5. Uses

As currently (late 2007) much software will not write ambisonic headers, the above information can be used to write one's own.

I have written wav2amb which works as long as the file is already in Wave Format Extensible. All it does is sets bytes 41 to 44 to zero (that is we refuse to specify speaker positions) and then sets bytes 45 to 60 to one of the above GUIDs. Oh, and of course changes the file suffix from .wav to .amb.

This seems adequate as the change is only once in a file's history and any file can be made into Format Extensible by using Audacity (which seems to be available for virtually all platforms, and is free).

One could extend the rewriting to all WAVE files, this would necessitate adding bytes 39 to 60 (presumably inserting 22 new bytes between the existing byte 38 and 39); rewriting bytes 21/22 and bytes 37/38 to say the extra bytes were coming; … but it would also mean re-doing various calculations (bytes 17 to 20 which give the format 'chunk' size would change, bytes 5 to 8 which give the chunk size (file size - 8)) … It could be done, but the simpler approach is the more robust. (And hopefully in a few months common software will be writing ambisonic files (?)).

20071011: My thanks to Henry and Etienne on the ambisonia.com discussion Forum for forcing me to think about this more deeply.

There is actually a major logical flaw in the WAVEX specification (IMHO). It is totally unfatal and has little practical effect, but it shows the continuing confusion between 'form' and 'function'. All the data in the header is about what is in the file (form), basically about how it was recorded, except for eighteen bytes which say what it is suggested you do with the file (function). Perhaps it would only occur to an 'ambisonics person' to say that recording/creation are very different from playback —but they are!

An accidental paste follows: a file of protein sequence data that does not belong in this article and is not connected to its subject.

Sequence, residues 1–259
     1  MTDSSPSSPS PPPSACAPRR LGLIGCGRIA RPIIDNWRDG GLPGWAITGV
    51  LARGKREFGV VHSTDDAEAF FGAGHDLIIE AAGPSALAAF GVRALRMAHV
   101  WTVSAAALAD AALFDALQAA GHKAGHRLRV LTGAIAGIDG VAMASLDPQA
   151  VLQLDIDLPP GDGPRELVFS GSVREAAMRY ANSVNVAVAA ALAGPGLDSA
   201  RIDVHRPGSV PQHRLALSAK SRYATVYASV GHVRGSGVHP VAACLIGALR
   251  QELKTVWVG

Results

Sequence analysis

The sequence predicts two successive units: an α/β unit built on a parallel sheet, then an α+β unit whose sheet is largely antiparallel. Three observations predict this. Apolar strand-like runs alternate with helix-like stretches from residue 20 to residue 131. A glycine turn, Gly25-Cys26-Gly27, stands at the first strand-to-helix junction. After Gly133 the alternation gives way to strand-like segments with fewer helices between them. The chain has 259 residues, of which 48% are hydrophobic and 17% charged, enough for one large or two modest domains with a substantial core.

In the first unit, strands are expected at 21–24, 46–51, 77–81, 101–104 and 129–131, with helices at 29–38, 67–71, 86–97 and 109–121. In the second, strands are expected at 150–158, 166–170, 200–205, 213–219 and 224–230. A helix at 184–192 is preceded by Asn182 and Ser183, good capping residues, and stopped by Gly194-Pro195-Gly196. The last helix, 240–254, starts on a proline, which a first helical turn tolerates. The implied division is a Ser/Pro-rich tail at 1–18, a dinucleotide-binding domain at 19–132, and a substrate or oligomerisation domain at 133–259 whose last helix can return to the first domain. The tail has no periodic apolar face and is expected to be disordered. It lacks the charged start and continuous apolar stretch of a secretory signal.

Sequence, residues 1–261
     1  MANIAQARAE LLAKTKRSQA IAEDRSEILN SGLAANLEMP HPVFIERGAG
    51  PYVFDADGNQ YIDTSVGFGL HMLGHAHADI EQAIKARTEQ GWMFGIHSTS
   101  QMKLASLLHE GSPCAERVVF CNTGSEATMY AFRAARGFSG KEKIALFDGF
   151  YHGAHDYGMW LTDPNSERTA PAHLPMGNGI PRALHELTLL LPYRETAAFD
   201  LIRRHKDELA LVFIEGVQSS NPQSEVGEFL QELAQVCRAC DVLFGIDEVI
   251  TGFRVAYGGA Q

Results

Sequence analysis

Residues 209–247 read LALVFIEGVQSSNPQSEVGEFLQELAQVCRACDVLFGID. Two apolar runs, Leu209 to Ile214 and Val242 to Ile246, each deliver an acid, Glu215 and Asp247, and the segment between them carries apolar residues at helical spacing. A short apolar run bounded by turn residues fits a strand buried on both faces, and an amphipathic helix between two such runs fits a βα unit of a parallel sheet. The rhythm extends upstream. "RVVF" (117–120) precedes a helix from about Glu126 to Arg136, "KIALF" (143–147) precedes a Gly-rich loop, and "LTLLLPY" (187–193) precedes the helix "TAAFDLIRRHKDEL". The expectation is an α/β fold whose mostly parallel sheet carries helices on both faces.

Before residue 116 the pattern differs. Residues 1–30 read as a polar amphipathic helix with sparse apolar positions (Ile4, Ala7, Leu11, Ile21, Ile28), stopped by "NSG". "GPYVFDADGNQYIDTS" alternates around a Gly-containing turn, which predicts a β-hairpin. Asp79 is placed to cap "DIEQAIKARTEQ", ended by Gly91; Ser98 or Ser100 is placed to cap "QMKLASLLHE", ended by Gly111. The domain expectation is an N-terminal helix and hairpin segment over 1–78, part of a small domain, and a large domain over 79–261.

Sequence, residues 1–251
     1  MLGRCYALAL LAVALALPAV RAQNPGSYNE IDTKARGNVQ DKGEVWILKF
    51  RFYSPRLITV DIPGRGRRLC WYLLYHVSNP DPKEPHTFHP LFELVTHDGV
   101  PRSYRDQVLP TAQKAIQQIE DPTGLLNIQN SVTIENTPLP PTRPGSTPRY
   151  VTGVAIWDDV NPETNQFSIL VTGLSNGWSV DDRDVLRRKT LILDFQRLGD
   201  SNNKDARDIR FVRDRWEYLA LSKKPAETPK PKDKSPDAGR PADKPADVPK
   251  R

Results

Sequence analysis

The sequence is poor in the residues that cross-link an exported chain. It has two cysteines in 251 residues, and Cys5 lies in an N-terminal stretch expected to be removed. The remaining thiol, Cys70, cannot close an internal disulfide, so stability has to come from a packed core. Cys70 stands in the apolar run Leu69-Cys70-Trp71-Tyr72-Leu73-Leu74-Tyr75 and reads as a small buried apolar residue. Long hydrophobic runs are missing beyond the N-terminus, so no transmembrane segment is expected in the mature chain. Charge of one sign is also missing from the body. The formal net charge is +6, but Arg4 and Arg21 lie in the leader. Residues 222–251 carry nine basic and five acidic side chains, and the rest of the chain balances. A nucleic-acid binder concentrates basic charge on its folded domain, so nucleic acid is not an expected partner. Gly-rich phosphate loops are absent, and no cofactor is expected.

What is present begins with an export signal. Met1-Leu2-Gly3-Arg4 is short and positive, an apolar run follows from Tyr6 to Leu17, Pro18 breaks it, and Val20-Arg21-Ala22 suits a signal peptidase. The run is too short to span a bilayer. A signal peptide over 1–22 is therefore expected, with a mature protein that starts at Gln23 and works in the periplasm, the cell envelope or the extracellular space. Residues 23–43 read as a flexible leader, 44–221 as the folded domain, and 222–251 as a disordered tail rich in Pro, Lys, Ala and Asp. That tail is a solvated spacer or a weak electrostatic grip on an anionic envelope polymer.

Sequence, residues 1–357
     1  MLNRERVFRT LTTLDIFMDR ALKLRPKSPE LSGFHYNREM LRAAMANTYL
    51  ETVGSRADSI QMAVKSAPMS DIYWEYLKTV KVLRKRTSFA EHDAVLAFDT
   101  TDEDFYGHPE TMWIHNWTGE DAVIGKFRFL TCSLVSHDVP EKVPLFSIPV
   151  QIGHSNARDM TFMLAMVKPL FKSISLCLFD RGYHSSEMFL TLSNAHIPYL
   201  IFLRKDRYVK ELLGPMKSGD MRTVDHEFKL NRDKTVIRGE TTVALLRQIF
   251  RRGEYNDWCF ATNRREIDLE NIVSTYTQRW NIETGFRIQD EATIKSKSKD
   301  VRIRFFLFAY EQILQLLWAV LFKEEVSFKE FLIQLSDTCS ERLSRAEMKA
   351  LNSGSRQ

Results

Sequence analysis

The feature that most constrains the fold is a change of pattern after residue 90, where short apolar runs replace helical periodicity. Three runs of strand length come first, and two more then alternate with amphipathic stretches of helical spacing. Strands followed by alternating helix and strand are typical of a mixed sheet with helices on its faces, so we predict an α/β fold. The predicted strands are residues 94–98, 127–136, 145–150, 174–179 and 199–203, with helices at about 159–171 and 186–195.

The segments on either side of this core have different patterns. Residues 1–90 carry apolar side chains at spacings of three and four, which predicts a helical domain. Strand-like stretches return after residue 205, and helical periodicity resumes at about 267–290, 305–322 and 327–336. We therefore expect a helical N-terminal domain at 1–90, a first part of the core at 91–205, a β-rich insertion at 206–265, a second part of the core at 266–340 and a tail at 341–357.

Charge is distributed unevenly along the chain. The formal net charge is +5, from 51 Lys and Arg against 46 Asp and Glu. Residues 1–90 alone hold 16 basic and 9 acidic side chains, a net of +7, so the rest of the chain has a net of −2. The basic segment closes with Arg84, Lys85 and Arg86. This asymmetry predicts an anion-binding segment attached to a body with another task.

The eighteen bytes of 'what you may care to do with this file' are bytes 41-44 and 47-60. Stuck in the middle are bytes 45 and 46 which have nothing to do with the intended purpose of the file. They say whether the amplitude is PCM encoded or floating-point encoded (or, even possibly, A-law, or μ-law), they have as much right to be there as whether the file is 48 KHz or 96 KHz, whether it is 16 bit or 24 bit, or …

The ambisonic GUIDs should not be plural, they should not (IMHO) be sixteen byte. It (singular) should be fourteen byte and the two bytes about encoding format should be (mentally (and ideally physically)) elsewhere. If we abandon PCM and float for some new better system, say clairvoyance, then we will have a new data format code and it will apply to all files not just ambisonic ones, and the 14 bytes at the end of the ambisonic GUIDs will stay the same (and the two bytes at the front of ALL GUIDs will change).

So in changing a wavex file (file.wav) to and ambisonic file (file.amb) bytes 45 and 46 stay the same as the encoded data stays the same! Only the intention changes (and thus bytes 41-44 (where to put your speakers (in the politest possible sense)) and the function of file (i.e. ambisonic B-format). No one is perfect, and this only occurred to me the day after I spent hours trying to decide whether to interrogate the user, whether to check configuration files, or what, to see whether the user wanted ambisonic-pcm or ambisonic-float recorded in the header. The user 'wants' neither, the file is in one or the other and bytes 45 and 46 are already correct —they just bizarrely occur in the middle of the intention/function data and have caused two ambisonic GUIDs to be published (whereas there are potentially 256**2 = 65,536 GUIDs for ambisonic files, following the encoding to its illogical extreme … ).

Link to WAV2AMB. (There is also a utility AMBINFO that displays the information (or some of it) that is in the header.)

Link to discussion on Audacity and Wave Format Extensible.


October 2007.

Copyright © 2007–2008 Michael Chapman.